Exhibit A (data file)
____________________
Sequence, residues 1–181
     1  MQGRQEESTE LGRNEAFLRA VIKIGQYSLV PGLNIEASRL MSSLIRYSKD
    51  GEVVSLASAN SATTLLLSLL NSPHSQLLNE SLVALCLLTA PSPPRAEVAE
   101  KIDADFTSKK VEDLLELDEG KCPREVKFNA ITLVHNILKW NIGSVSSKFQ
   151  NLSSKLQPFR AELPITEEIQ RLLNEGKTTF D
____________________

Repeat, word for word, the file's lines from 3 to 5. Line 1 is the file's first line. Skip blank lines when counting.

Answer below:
    51  GEVVSLASAN SATTLLLSLL NSPHSQLLNE SLVALCLLTA PSPPRAEVAE
   101  KIDADFTSKK VEDLLELDEG KCPREVKFNA ITLVHNILKW NIGSVSSKFQ
   151  NLSSKLQPFR AELPITEEIQ RLLNEGKTTF D